The Pressure You’re Feeling to Exercise and Make Bread is Real — And It’s Hereby Cancelled
By Kevin Naulls, CBC Parents Staff
Photo © thefieldguide/Twenty20
Apr 9, 2020
Your feelings are valid.
Say what you will about "cancel culture" but bread is now cancelled — specifically the pressure you may be feeling to make sourdough.
I'm writing this for you if you need a nudge. Or if you're also buckling under the pressure that is our pandemic culture of "keeping busy" and proving it online.
If you're making bread right now, keep going. And if you genuinely love making it, then by all means, keep going. Keep nurturing that starter, Canada's Peeta Mellark.
Otherwise, stop. No one needs that much bread. Even if you are making it to learn a life skill, there is a bread ceiling. And this is coming from a guy who loves bread.
You Don't Need to Make Bread
We've been seriously locked down for almost a month, and with that sudden shift in reality comes a state of panic. And a lot of questions, like:
- Will the kids have enough activities?
- Do I have enough supplies to sustain all the craft suggestions I'm getting?
- Will I be able to help the kids excel at math outside of the classroom?
- When will I work when everyone is at home and looking to me?
- I don't even like bananas — why am I making so much banana bread?
Many in your own life — perhaps even you — have gone from having somewhat of a control of their chill to not having any chill at all. Because this is new. We are unlearning a little. In many cases, a lot. I am not ashamed to admit that I've had my share of no-chill moments.
Perception vs Reality
So maybe you've seen all the people posting on social media, a place that already has a thick lens on it. A space that has such a shiny veneer it's impossible to know what life is like when the phone gets put down.
A space that is now full of sourdough bread recipes. Easy chocolate chip cookie recipes. Whipped coffee. Lemon tarts. People in their kitchens stressing how simple it is to make banana bread as if you don't know that already. It's turned kitchens into full-blown patisseries. It's turned every day into a 10-for-10 pushup challenge. Somehow, during a pandemic, we're overachieving because there are no clear lines being drawn. Every day, every moment, feels like work.
And yes, we all need to eat. But I personally don't want an entire tray of lemon tarts in my house, because I will eat them all.
And yes, exercise when we can get it does make us feel good. I certainly need to move.
But unless you're extremely wealthy and have a lot of help, your life isn't going to look like a well-produced recipe video. Or a vignetted snapshot on TikTok exploring "quarantine living," complete with tight shots of fresh strawberry water, with ice that comes from a $10,000 fridge. You may not even have the time — or the urge — to do an online workout.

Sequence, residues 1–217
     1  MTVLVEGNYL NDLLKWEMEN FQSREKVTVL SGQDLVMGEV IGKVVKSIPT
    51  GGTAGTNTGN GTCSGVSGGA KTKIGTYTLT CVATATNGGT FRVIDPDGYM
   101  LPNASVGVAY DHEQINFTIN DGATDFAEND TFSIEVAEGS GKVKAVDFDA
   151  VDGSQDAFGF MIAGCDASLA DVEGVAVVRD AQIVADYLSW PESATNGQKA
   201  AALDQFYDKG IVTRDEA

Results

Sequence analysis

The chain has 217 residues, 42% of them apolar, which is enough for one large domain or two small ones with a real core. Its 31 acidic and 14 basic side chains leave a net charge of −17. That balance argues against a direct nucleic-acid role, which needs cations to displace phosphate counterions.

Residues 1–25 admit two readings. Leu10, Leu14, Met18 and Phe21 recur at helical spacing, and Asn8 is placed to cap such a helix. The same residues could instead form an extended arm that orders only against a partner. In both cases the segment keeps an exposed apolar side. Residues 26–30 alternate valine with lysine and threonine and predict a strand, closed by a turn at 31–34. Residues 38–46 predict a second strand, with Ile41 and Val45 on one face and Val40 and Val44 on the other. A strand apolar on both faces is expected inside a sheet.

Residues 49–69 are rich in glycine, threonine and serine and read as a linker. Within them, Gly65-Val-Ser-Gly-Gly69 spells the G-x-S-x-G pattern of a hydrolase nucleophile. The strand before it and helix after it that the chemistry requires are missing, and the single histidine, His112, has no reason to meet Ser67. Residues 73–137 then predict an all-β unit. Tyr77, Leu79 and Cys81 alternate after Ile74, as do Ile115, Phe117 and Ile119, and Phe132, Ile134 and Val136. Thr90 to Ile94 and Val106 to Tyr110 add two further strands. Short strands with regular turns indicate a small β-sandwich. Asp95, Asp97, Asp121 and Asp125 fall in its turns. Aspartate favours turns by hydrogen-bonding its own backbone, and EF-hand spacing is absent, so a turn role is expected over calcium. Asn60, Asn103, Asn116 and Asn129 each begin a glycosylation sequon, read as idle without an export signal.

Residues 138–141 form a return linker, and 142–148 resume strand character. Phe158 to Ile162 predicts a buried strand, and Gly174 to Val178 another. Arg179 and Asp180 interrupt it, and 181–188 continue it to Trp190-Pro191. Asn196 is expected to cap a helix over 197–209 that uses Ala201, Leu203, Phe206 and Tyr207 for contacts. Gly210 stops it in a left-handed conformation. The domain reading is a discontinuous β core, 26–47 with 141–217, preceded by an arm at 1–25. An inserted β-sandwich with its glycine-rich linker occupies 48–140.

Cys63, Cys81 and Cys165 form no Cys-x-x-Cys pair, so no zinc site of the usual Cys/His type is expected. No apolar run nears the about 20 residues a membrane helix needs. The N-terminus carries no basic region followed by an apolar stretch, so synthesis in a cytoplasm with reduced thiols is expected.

You're less likely to cheesecloth-strain your own dairy-free milks.
Your life is going to be messy and annoying and loud and scary and joyful and hilarious. One day you're cleaning s—t off the walls after a tense work video chat, the next you're playing a dice game with the kids before their bath. Life was always unpredictable, and you know that no matter how much you plan, something always derails everything. And the best thing you can do for yourself is take the imperfections in stride as best you can. Cry if you need to. Consider COVID-19 just another thing getting in the way of your perfect plans. You're already used to failure because we all are. But failure isn't bad, and having it all was never a reasonable goal for anyone.
If there's any time to embrace the mess and give yourself a break it's now. Seriously, you're working like four jobs under one roof with many people asking a lot of questions. They don't need artisanal bread, or a never-ending arrangement of baked goods. Unless, of course, you want those, and your kids are old enough and willing to make them. Then, by all means, get yours, girl. (Or guy! Hi, dads.)
How to Limit the Pressure
The next time you see a recipe post that encourages you to take the limited time you have in your day to make bread, laugh about it. Think about a home so overrun with bread. A home so stuffed with bread that no one in the house will ever want to enjoy a delicious piece of hot bread with melted butter ever again. A home with so much hard bread, an arts and craft opportunity emerges where kids are at a table cutting bread into croutons.
Then mark it as content you don't want to see. Because ultimately, you need to take care of yourself. And if you can't mark it, then just scroll fast until you see the comments by celebrities account you love so much.
And sure, you're going to backburner self-care a little, because you're a parent and your kids come first. But while you are always going to be available to walk them through this mess called life, this time — like any other — is a great opportunity to teach resiliency, and allow them to fend for themselves a bit. A cardboard box can cure boredom. Learning a dance challenge can cure boredom. A pen and paper can cure boredom. Screen time can cure boredom. Our minds and our imaginations are our best survival tool.
You don't need to plan every hour of every day if you don't want to.
And you are not alone in this. Everyone — including non-parents — are still trying to figure this all out.
But the one thing that isn't going to change your life, is a three-ingredient bread you can make in a cast-iron skillet. No matter how easy or how few ingredients. So, use the time you were going to make it to lock yourself in a room, put a towel or eye mask over your face, and rest. Or scream f—k into a pillow at the top of your lungs, also in a locked room.
Whatever you need. Unless you want a house of bread, then carry on.
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